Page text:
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Yesterday's Heroes
Ron Fimrite
April 20, 1998
Epic Season: The 1948 American League Pennant Raceby David Kaiser
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April 20, 1998

Yesterday's Heroes

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Epic Season: The 1948 American League Pennant Race
by David Kaiser

University of Massachusetts Press, $55 hardcover, $18.95 paperback

Sadly enough, major league baseball's labyrinthine playoff formula has reduced the once classic pennant race to a relic. No more are fans treated to the stirring spectacle of teams charging down the stretch for that one shot at the World Series. Instead, we have division winners and wild cards.

So it remains for a historian, David Kaiser of the Naval War College in Newport, R.I., to re-create those thrilling days of yesteryear in his Epic Season: The 1948 American League Pennant Race. It is Kaiser's contention that the best pennant races were in the 1940s and that the greatest of these was in 1948, a truly banner postwar season.

He has a point. No fewer than four teams were in the running for the American League flag until September, when the surprising Philadelphia Athletics dropped back in the pack. With only seven games remaining, the New York Yankees, Cleveland Indians and Boston Red Sox were tied for first place. The Yankees weren't eliminated until the next-to-last game, and the Bosox and Indians ended the season in a dead heat. In a one-game playoff at Fenway Park, the Indians, behind the pitching of Gene Bearden (who was starting on one day's rest) and two homers by player-manager Lou Boudreau, defeated the Sox and Ted Williams, 8-3. Cleveland would go on to beat the Boston Braves, four games to two, in the World Series.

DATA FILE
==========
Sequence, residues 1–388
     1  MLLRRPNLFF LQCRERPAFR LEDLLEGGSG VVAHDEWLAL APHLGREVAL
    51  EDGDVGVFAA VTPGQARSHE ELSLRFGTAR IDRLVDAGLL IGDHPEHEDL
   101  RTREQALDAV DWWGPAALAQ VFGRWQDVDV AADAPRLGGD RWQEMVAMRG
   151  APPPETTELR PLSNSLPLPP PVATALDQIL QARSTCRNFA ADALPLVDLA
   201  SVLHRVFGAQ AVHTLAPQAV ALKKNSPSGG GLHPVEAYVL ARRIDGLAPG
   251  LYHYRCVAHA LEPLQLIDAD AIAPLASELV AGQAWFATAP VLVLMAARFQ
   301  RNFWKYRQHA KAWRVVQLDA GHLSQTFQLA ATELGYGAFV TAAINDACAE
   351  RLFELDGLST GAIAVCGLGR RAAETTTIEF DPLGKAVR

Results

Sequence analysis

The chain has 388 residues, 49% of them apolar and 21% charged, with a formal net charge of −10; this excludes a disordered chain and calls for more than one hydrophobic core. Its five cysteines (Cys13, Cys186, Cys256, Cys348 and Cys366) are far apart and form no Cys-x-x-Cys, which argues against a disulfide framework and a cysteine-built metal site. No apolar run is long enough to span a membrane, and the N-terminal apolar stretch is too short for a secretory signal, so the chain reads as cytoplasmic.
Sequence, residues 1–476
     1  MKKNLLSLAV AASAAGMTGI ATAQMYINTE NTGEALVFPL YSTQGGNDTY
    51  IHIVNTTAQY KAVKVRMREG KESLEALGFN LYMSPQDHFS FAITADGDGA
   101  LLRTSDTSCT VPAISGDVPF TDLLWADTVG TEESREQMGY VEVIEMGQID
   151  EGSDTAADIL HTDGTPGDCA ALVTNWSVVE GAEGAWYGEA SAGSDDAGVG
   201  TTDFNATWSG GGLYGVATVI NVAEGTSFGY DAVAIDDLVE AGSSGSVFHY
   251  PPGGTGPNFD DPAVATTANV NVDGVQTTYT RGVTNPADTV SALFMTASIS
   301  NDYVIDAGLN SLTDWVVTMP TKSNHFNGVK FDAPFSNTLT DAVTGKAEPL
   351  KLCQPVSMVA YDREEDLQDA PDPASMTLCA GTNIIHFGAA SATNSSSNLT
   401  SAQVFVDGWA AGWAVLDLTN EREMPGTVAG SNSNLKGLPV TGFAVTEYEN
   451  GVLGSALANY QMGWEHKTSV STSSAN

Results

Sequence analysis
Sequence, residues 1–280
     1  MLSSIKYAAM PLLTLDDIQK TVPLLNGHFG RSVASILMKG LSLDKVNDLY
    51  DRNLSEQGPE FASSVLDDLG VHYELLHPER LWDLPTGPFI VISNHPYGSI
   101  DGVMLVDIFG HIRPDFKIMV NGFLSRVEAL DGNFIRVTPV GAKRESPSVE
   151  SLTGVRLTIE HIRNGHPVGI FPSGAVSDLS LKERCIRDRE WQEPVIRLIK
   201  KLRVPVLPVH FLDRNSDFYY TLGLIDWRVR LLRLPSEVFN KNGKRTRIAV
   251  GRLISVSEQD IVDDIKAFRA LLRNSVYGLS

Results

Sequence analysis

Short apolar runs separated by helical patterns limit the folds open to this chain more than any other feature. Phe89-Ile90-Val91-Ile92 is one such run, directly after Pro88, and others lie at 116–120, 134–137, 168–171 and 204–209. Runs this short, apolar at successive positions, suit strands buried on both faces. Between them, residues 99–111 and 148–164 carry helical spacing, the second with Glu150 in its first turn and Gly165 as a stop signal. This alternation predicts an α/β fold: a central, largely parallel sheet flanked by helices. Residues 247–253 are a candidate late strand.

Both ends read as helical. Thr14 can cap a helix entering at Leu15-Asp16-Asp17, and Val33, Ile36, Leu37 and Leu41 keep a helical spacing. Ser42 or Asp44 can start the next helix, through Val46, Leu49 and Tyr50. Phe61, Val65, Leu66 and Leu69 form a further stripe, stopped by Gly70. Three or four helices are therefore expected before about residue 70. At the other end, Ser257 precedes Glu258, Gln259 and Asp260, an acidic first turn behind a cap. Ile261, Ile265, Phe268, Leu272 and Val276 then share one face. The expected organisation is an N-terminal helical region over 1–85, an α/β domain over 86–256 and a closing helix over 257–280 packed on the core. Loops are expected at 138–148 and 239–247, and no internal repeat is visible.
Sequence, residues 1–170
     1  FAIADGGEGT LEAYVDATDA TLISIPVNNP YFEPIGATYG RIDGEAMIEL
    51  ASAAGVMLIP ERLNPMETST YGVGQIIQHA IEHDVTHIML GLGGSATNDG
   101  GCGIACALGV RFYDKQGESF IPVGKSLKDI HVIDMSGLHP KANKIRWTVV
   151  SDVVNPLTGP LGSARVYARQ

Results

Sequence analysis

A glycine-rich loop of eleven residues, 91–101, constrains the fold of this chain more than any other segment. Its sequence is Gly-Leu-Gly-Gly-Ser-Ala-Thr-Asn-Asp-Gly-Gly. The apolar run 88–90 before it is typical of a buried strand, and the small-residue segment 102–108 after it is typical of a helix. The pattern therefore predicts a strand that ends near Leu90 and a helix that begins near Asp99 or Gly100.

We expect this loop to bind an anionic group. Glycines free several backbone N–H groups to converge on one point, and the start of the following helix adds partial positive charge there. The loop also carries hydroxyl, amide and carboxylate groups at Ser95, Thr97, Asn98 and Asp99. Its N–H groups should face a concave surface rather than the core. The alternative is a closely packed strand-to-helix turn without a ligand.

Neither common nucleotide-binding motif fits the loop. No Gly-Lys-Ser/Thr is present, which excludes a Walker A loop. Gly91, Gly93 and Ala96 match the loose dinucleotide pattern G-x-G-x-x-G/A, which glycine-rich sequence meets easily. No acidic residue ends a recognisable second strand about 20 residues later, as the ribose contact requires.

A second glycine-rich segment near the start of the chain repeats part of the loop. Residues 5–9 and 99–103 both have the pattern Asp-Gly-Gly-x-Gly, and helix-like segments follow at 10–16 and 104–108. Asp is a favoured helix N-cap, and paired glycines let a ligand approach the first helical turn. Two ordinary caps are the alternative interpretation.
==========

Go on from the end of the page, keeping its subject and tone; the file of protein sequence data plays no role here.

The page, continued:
These were giants who bestrode the diamond that year: Williams, Boudreau, Joe DiMaggio, Bob Feller, Bob Lemon, Satchel Paige, Larry Doby. This was the wartime G.I. generation of players, men whose adult lives had taken place "amidst heroic undertakings," as Kaiser characterizes it, and who were "uniquely fitted to fight the most dramatic struggle in the history of baseball."

This is an important work about baseball, marred only by the author's occasional lapses into SABR-ish statistical mumbo jumbo, and it belongs in the library of any serious fan.

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